Duets and (Self-)portraits: Choreographing the Im/personal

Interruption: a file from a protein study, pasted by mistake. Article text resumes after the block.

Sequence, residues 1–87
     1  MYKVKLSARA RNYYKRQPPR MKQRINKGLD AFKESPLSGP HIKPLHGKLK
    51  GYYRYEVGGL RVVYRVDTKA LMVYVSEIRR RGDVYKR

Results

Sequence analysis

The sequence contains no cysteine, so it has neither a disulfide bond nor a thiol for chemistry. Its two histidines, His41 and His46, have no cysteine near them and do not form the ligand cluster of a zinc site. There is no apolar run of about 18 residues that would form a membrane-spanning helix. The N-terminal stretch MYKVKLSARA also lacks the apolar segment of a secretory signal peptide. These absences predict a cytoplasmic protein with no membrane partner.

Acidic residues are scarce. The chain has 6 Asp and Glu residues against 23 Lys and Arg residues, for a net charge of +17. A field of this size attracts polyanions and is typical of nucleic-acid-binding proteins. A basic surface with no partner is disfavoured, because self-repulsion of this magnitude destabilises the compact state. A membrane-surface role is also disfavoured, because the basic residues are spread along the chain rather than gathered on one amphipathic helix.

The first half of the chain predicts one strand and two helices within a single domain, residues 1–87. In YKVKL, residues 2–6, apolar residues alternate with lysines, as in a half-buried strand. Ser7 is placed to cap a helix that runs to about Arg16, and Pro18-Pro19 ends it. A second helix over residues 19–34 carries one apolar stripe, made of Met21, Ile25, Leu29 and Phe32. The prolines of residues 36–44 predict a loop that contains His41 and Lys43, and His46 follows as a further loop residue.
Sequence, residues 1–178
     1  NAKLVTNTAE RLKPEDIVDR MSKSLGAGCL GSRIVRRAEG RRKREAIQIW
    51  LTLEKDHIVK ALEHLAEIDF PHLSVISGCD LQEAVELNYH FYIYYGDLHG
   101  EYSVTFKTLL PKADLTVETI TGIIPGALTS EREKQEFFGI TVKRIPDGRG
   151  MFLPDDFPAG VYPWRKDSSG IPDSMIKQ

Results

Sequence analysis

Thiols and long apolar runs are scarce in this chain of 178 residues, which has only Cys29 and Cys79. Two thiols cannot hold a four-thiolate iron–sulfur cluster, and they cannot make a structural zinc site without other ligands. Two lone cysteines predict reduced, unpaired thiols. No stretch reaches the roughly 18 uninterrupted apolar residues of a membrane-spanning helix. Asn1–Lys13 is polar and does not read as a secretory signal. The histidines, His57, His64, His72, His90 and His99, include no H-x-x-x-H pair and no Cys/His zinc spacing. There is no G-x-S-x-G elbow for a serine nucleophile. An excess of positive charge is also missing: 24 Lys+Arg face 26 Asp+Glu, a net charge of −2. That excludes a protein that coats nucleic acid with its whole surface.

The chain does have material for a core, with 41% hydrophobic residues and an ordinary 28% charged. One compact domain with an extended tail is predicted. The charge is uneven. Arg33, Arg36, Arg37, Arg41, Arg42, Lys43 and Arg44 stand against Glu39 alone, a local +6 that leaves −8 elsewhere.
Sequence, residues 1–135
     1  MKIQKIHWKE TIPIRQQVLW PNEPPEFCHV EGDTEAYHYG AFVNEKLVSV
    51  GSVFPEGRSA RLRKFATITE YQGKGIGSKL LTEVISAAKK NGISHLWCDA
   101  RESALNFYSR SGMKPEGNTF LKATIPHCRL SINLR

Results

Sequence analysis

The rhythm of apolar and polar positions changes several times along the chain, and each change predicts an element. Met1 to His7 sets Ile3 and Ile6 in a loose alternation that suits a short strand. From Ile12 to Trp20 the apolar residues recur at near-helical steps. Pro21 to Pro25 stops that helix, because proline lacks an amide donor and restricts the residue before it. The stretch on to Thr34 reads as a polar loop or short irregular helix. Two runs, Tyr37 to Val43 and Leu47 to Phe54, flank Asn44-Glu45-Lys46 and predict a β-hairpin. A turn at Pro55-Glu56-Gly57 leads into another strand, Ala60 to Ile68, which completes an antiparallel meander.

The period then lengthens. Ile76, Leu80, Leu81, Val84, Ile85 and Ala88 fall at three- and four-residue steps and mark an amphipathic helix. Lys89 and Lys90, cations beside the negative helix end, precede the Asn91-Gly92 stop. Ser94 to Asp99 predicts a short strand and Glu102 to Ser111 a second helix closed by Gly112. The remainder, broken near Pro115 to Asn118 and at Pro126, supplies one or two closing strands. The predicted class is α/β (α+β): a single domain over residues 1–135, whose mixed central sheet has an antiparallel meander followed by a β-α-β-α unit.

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Questioning interpretations of Jonathan Burrows’ choreography as abstract, the chapter argues that the forms of performance presence embodied in his dance pieces engage with subjectivity in transversal ways, acknowledging its elusiveness and emphasising its constitutive plurality. Drawing on Roberto Esposito’s notion of the ‘third person’, Perazzo Domm posits that Burrows’ poetics articulates a mode of subjectivity that foregrounds the ambiguity of the person by deconstructing its conventional connotations and embracing its ‘impersonal’ dimension. Burrows’ contribution to choreographic discourse across practice and theory is examined with reference to his writings, including A Choreographer’s Handbook (2010), and through a close analysis of dance works, from the piece for the camera Hands (1995) to the online video project 52 Portraits created with composer Matteo Fargion and with film-maker Hugo Glendinning (2016).
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